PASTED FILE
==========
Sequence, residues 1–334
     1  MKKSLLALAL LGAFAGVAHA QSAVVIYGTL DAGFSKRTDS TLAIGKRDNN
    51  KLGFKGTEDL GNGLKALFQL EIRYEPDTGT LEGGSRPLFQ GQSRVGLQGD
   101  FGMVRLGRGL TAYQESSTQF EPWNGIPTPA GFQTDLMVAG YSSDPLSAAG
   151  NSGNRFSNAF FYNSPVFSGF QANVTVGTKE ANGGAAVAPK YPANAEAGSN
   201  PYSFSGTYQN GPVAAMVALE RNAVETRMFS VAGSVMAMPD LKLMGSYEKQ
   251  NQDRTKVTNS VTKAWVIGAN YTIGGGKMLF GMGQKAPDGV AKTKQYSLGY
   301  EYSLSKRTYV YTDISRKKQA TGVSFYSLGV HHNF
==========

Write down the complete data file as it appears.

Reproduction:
Sequence, residues 1–334
     1  MKKSLLALAL LGAFAGVAHA QSAVVIYGTL DAGFSKRTDS TLAIGKRDNN
    51  KLGFKGTEDL GNGLKALFQL EIRYEPDTGT LEGGSRPLFQ GQSRVGLQGD
   101  FGMVRLGRGL TAYQESSTQF EPWNGIPTPA GFQTDLMVAG YSSDPLSAAG
   151  NSGNRFSNAF FYNSPVFSGF QANVTVGTKE ANGGAAVAPK YPANAEAGSN
   201  PYSFSGTYQN GPVAAMVALE RNAVETRMFS VAGSVMAMPD LKLMGSYEKQ
   251  NQDRTKVTNS VTKAWVIGAN YTIGGGKMLF GMGQKAPDGV AKTKQYSLGY
   301  EYSLSKRTYV YTDISRKKQA TGVSFYSLGV HHNF